“This Myanmar fossil deposit is clearly game-changing. It’s arguably the more important breakthrough for understanding bird evolution right now,” says Julia Clarke, an expert on the evolution of birds and flight at the University of Texas at Austin.

“We used to think we’d never have a whole bird in Cretaceous amber, but now we have multiple examples.”


Lida Xing, lead author of the paper detailing the specimen in the journal Science Bulletin, says that when he first saw the newfound bird being sold for jewelry in Myanmar in 2015, his heart began to beat very fast.

The team was lucky to acquire the bird for the Dexu Institute of Paleontology in Chaozhou, China. Birds in amber can sometimes sell for up to $500,000, putting them beyond the reach of scientists, says Xing, a paleontologist at the China University of Geosciences in Beijing.

He estimates that this is only the second bird in Burmese amber that’s been described by scientists and published in a journal. But he thinks as many as six have been discovered so far, around half of which have disappeared into the hands of private collectors.

Based on their analysis, supported in part by National Geographic, the team says that the young bird fell into the Cretaceous tree resin either dead or alive, and moisture caused the resin to foam slightly, later creating the cloudy amber. Some of the bones and soft tissues were weathered away, and sediment got trapped inside the spaces.

An illustration shows the young Cretaceous bird trapped in tree resin, which would eventually fossilize into amber.  ILLUSTRATION BY CHEUNG CHUNG TAT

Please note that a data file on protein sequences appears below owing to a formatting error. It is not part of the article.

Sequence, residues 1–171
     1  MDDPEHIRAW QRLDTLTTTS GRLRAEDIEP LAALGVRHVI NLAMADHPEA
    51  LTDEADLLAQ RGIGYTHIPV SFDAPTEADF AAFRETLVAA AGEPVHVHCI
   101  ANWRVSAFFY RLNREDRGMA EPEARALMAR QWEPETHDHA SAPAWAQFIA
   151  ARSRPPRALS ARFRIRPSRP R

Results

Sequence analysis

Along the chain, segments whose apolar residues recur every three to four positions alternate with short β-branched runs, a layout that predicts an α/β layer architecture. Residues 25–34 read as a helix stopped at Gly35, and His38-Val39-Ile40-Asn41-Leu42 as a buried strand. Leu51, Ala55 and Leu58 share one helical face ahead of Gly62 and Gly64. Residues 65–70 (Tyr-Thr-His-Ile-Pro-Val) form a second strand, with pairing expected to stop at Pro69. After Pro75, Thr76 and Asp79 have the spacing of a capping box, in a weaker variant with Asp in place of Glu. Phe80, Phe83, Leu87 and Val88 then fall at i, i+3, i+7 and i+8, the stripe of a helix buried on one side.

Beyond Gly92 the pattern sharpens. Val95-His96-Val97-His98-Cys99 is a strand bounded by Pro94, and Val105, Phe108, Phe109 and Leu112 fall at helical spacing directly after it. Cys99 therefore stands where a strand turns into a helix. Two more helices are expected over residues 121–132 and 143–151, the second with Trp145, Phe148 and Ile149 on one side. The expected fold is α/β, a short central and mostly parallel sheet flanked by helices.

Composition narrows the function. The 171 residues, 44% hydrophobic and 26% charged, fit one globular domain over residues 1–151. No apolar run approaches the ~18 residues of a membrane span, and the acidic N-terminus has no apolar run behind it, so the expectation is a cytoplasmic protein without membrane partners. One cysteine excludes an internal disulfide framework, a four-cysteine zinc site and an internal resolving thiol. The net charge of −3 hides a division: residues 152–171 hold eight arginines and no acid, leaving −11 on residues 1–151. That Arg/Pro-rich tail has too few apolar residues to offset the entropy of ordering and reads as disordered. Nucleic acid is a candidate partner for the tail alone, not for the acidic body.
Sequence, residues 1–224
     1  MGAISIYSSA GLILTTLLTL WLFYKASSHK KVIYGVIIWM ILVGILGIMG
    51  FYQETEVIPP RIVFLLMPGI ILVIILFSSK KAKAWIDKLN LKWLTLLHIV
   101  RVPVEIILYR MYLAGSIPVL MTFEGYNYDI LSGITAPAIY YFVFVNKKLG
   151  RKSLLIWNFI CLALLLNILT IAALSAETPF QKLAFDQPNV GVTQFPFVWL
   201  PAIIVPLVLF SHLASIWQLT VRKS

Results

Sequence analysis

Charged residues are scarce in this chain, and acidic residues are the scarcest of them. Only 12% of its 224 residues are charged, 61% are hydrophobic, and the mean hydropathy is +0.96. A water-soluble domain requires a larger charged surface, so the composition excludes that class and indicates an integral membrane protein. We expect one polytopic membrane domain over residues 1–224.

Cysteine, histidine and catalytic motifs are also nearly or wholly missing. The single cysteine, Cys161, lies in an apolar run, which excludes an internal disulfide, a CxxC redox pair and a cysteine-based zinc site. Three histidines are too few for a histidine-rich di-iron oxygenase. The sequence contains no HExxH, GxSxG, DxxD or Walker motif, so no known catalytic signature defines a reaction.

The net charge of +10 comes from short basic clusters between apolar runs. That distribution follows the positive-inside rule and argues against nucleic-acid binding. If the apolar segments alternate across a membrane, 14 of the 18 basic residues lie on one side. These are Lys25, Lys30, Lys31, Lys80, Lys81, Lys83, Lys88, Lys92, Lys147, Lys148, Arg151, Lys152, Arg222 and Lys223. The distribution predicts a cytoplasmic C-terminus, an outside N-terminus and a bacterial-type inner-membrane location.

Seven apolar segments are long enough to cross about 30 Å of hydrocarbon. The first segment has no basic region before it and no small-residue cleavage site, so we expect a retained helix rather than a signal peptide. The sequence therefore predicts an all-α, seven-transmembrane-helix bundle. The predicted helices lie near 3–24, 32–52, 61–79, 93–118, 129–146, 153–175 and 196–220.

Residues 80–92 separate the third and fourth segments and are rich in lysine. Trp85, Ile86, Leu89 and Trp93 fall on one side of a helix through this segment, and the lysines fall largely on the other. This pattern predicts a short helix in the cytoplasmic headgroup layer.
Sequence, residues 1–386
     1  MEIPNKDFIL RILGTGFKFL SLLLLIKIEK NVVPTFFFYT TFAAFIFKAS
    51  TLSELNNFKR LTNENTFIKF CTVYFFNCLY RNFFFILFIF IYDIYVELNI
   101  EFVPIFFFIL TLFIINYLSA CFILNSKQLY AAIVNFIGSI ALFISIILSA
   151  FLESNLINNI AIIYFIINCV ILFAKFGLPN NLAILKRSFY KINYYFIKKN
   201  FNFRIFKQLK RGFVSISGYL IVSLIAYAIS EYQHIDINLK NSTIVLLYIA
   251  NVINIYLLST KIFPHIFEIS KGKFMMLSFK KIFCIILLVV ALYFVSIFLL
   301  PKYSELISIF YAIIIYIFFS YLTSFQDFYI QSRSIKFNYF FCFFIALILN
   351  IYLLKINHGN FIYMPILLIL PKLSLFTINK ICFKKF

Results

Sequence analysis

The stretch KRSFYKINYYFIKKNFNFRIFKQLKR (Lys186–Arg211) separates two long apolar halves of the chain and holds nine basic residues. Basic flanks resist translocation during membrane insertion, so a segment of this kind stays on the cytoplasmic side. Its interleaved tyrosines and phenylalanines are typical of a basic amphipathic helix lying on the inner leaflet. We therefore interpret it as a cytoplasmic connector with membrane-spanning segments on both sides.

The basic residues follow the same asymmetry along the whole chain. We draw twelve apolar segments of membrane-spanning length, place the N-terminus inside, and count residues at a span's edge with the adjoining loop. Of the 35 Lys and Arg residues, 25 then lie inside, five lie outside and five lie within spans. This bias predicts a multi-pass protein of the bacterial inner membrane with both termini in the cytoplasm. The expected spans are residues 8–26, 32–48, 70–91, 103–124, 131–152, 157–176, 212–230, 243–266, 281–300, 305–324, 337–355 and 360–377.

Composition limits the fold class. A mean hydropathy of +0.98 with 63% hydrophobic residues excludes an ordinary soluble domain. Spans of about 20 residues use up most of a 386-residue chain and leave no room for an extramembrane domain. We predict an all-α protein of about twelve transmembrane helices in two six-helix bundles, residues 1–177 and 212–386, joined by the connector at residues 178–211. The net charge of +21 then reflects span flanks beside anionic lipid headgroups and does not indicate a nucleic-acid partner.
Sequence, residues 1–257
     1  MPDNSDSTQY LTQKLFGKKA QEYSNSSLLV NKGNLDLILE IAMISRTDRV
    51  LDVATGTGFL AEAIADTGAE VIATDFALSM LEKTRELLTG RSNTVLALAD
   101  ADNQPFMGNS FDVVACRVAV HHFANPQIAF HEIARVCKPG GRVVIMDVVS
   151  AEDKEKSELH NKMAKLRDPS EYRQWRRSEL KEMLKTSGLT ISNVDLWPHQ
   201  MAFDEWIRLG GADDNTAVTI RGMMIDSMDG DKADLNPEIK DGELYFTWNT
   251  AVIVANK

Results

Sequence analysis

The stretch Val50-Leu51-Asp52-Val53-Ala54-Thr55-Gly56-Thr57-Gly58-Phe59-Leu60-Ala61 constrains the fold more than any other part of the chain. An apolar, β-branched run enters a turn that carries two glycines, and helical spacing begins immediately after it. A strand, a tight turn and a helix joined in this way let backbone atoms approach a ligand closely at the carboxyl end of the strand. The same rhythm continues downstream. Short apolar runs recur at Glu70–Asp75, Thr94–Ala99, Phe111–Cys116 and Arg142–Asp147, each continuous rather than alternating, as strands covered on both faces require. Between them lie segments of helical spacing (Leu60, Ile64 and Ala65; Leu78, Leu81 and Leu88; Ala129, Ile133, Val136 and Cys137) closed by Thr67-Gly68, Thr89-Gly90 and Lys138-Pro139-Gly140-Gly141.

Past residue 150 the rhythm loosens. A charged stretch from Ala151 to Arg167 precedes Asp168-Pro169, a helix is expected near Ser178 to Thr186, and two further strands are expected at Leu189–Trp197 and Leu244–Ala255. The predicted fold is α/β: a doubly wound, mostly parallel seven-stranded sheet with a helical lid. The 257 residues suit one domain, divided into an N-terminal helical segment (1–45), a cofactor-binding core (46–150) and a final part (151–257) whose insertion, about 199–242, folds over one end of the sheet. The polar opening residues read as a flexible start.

“A subsequent resin flow sealed the remains to protect them from further weathering or dissolution, but the amber was later squished, shattering many of the bones,” says McKellar. “All of this is now trapped in a wafer of amber about as large as a belt buckle.”

The bird itself is around 2.4 inches long and is perhaps slightly older than the 1.8-inch hatchling bird described last year. The structure of its feathers and skeleton suggests it was an enantiornithine, a type of primitive bird that went extinct with the non-avian dinosaurs 66 million years ago.

“Even though they are hatchlings, they already have a full set of flight feathers,” McKellar says. “They have a weakly developed rachis, or central shaft, so they may not have been excellent flyers.”

In life, the bird would have had teeth in its beak and would have been dark chestnut or walnut in color, with fuzzy feathers on its head and neck.